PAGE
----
Regarding Roger's observation in the comments on Hari's site, that science is showing that the world is incredibly strange, this is true, and inspires a lot of wonder amongst those who follow science, but frankly, most of the people in Jesusland think a quark is a Ferengi bartender on Star Trek, if they've ever heard the word at all. I'll admit Richard Dawkins is a little shrill, but he is probably moved by the same motivations that inspired the old testament prophets: he sees terrible things in the future if the truth is not heeded. I doubt that the details of advanced science has much to do with inspiring mysticism amongst the general populace, or that it's proponents reach many amongst the religious community.
Personally, I actually like God. God remains a brilliant fiction, a powerful philosophical thought experiment: if a being had absolute power and perfect knowledge, what would that entity be like? He's a great character and a wonderful literary device, and even when I believed in him I never blamed him for the bad things in the world, most of which we cause ourselves. This is the world that we are a part of; we are well adapted to it. We thrive on adversity. Pleasure and pain are the dimensions of life, without which nothing would move. Why would it? Think of the heroin addict with a steady supply, who is so blissed out he starves and rots alive. Good and evil are the dimensions of conscious choice. I didn't stop believing in God because I didn't like him, though I must admit I'm less than impressed with many of the people who claim to believe in him.
But like conspiracy theories and occultism, God fell victim to Occam's Razor. He just became a lot of extra baggage that doesn't really explain anything. Established religions are just conspiracy theories with seniority. I have a friend who is a dedicated conspiracy theorist, and it's fascinating to watch him while in his cups construct his own home-made religion. There is a common plotline to many religions, which is really the same plotline that you find in a lot of popular heroic books and movies. Star Wars uses it. A small minority facing a great evil and near impossible odds is assisted by a Great Power to overcome these odds, and good triumphs in the end. Conspiracy theories and religions portray the struggle as ongoing. It is a good metaphor for the struggles of everyday life, but with one problem; evil is rarely so monolithic, usually composed of the sum of many flaws and weaknesses of ordinary people who may not even be aware that what they are doing is wrong.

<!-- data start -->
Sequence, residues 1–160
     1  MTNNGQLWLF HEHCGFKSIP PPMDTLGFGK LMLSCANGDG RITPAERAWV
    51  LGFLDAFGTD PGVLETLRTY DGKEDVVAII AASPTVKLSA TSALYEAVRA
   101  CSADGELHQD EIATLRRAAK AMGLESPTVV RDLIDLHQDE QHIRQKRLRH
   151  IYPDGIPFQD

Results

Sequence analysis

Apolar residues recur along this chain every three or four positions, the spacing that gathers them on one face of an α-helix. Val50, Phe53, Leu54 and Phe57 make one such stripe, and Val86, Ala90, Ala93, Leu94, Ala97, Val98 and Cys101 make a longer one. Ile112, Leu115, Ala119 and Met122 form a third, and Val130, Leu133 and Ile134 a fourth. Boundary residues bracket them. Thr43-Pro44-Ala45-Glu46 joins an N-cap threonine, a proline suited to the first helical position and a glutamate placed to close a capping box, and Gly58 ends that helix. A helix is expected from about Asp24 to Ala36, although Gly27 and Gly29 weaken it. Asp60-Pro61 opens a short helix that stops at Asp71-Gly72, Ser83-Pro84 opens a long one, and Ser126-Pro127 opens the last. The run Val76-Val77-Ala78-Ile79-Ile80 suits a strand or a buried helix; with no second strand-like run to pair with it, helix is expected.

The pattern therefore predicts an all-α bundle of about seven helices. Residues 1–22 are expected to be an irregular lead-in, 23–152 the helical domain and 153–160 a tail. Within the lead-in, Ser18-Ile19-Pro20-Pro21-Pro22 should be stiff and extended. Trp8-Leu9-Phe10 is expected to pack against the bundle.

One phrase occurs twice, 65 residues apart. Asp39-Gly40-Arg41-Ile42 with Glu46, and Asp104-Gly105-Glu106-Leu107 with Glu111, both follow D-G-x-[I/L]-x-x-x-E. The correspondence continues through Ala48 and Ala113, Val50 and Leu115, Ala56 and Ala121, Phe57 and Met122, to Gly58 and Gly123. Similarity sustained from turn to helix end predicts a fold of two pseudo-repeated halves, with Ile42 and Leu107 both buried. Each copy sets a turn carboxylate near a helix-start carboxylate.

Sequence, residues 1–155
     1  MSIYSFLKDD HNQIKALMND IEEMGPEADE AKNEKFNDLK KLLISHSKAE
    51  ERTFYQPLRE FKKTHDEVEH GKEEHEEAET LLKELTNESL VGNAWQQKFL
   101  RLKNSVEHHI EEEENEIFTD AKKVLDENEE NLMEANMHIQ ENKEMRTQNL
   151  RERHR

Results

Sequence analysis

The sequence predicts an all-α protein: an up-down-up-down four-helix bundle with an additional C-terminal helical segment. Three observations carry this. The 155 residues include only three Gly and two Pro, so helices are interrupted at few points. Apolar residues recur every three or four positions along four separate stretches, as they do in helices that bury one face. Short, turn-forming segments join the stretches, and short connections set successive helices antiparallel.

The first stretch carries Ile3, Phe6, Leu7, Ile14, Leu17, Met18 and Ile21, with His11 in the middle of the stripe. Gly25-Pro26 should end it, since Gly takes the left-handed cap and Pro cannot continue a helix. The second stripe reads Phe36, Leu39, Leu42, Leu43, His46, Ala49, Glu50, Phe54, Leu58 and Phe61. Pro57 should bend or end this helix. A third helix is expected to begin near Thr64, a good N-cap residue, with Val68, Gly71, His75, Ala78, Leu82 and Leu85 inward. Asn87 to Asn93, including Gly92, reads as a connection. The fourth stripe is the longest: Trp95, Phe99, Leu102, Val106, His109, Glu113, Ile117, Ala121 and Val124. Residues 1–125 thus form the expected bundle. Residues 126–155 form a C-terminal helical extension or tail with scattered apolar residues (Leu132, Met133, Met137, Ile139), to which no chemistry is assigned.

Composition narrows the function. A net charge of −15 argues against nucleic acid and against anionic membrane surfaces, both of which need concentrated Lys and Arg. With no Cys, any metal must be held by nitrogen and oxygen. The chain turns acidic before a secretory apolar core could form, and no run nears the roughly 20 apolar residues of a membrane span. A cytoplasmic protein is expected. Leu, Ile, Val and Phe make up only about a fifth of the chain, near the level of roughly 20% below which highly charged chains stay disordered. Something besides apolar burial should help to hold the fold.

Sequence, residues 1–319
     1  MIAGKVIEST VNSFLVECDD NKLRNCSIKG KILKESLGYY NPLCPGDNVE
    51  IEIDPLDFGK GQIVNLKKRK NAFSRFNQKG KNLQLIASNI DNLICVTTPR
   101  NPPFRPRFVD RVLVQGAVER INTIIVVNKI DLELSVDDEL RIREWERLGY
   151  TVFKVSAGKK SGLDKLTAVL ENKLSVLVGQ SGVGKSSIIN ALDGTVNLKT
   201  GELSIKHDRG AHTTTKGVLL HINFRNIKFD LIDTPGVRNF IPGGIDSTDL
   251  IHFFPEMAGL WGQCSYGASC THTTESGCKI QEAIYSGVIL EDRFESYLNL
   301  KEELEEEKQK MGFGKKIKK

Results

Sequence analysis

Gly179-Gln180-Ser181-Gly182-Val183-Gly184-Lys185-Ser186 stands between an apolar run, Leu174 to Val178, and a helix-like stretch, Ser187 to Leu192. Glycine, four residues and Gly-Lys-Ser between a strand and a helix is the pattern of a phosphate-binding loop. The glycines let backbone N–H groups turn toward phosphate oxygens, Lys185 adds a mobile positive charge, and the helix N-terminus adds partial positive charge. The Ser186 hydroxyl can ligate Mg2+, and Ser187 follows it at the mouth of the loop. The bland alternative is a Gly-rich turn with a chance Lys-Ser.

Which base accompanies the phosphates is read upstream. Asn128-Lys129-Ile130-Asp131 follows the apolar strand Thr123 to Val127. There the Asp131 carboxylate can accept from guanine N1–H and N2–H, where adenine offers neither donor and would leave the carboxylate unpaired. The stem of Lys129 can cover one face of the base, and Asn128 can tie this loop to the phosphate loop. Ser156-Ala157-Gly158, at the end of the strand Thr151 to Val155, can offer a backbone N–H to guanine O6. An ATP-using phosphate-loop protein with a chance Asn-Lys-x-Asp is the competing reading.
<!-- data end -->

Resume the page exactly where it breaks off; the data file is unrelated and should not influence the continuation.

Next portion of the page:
The danger lies in believing in a broad, intentional evil, in demonizing the enemy. Because if all the trouble is really being caused by a shadowy group of dedicated evildoers (the Illuminati, the International Banking Conspiracy, the Zionist Conspiracy, etc, etc.) then to destroy the evil, you must destroy them. There's no room for discussion. You are either with the good guys or with the Devil. And what better was to prove that you are right but to throw your voice into the mouth of Oz the Great and Terrible? In order to straighten out the muddled human world of the subjective, there is a great temptation to invoke the ultimate Objective Voice, God himself. As the theme song for one late night preacher put it, "I don't like it... and God don't like it too!"
This is perhaps the darkest motivation behind religion, and particularly behind religious fanaticism: pride. If religions are accessible and ring true at an emotional level, they are also of usually of limited scope and anachronistic. For someone who has settled for this picture of the world, these limits chafe when they are pointed out. We all have a desire to be right, and believers are fond of saying that they learned all they really needed to know from the Holy Book (whatever that book might be)--even when they haven't actually read it! Having found his easy answer, the believer is justified in looking no further. Ignorance is not only permitted, it is glorified as a virtue.